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Car seat giveaway in LaGrange draws dozens

Staff report

Used car seats sit in a parking lot at the Benjamin Hill Apartments off Whitesville Road during a car seat give away Saturday. Volunteers gave away more than 80 donated seats to people in need as part of a back-to-school program.

http://lagrangenews.com/wp-content/uploads/sites/37/2015/07/web1_CarSeats1.jpgUsed car seats sit in a parking lot at the Benjamin Hill Apartments off Whitesville Road during a car seat give away Saturday. Volunteers gave away more than 80 donated seats to people in need as part of a back-to-school program.

Tyler H. Jones | Daily News

LaGRANGE — Local and regional law enforcement, along with West Georgia STAR, the nonprofit arm of the LaGrange Housing Authority, gave away more than 80 new car seats to people in need Saturday on Chatham Street.

The back-to-school giveaway featured a roll-over crash simulator and instructions from the Georgia State Patrol on how to safely and properly install a car seat, along with food, inflatable play areas and face painting.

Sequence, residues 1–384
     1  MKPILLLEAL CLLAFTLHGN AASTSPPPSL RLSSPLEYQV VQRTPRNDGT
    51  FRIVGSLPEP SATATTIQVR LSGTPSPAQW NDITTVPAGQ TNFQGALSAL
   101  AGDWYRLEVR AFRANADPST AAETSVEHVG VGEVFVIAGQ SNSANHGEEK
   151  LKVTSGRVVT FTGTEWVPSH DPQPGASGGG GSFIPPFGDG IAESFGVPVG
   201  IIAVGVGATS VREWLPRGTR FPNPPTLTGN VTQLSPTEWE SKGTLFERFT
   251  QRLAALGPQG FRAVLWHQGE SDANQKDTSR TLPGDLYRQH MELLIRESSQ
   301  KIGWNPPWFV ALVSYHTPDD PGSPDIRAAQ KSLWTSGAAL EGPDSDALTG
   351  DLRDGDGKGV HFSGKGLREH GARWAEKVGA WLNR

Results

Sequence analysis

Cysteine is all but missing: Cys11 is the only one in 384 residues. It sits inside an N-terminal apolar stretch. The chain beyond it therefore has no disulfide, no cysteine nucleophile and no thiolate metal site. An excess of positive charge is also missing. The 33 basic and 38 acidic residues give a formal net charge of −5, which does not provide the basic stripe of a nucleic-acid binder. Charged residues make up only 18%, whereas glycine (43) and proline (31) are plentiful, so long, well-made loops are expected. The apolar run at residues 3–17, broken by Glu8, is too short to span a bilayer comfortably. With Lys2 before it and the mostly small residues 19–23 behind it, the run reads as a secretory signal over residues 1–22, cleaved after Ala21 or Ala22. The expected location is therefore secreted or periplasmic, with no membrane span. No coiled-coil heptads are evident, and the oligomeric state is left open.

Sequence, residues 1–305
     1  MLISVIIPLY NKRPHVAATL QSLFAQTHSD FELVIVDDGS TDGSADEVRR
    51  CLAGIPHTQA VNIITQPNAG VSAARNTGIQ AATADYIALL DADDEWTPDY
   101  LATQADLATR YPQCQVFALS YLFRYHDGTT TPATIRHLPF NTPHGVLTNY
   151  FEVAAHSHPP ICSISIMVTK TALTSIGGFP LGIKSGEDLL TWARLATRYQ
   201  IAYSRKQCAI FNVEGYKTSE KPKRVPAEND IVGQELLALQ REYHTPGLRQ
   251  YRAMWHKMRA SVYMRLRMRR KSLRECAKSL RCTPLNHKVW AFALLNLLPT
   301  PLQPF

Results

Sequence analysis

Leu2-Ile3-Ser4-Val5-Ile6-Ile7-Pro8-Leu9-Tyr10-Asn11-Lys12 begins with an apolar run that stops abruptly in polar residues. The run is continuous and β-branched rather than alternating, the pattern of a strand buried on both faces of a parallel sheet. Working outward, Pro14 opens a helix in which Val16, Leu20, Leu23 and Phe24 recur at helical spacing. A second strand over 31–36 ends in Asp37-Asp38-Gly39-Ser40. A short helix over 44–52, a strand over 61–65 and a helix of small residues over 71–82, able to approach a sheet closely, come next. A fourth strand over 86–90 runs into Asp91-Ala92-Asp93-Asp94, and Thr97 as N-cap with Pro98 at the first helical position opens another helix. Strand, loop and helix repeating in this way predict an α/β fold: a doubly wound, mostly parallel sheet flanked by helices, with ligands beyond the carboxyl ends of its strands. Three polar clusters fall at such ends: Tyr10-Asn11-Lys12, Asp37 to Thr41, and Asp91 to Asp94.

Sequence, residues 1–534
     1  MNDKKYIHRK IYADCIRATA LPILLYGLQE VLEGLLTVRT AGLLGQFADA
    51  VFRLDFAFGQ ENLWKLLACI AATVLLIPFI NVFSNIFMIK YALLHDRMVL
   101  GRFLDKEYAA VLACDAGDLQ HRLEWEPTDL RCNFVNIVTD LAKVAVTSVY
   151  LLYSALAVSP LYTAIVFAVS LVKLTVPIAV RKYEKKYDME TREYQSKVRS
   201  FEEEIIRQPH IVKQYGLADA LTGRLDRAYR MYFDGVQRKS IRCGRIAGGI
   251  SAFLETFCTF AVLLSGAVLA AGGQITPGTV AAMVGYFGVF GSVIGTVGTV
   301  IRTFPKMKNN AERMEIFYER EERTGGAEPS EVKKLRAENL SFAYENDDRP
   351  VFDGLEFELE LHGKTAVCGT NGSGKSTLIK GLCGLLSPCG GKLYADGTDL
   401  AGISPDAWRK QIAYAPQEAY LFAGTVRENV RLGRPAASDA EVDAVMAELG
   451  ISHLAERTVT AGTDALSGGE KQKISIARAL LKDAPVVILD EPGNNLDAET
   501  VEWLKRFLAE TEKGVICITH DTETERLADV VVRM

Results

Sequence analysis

GSP handled the distribution of the donated car seats, which have come from various organizations including Atlanta Fire and Rescue and the Governor’s Office of Highway Safety, according to GSP Sgt. 1st Class Maurice Rains, commander of the local GSP post.

The LaGrange police and fire departments were also on hand with a police cruiser and a fire truck for kids to explore.

Inetha Hatten, one of the event’s organizers, said she was pleased with how the event came together.

“I think it went great, there was a lot of excitement,” she said. “It’s the first time they (Atlanta Fire and Rescue) ever came to LaGrange. It’s usually done in Atlanta.”

Hatten said she’d like to make the event an annual program, and is working with the car seat donors to try to bring them back next year.

“In fact, I’m waiting now to find out if they’re going to have funds so they can come back next year,” she said.

In 2008, a total of 14,154 children ages 6 through 8 years in Georgia were involved in vehicle crashes. Of those, 10 were killed and 1,755 were injured. Only 12 percent of these children reportedly used a supplemental restraint, such as a child safety seat or a booster seat, in addition to the adult seat belt, according to the Governor’s Office of Highway Safety.

Hospitalization charges for 248 children hospitalized in traffic-related injuries totaled about $7 million in that same year. Some 5,111 emergency room visits stemming from motor vehicle crashes incurred another $5 million in expenses, according to the Governor’s Office of Highway Safety.

Georgia law requires that every driver who transports a child 8 years of age and younger in a passenger automobile, van or pickup truck must restrain the child in a child safety seat.

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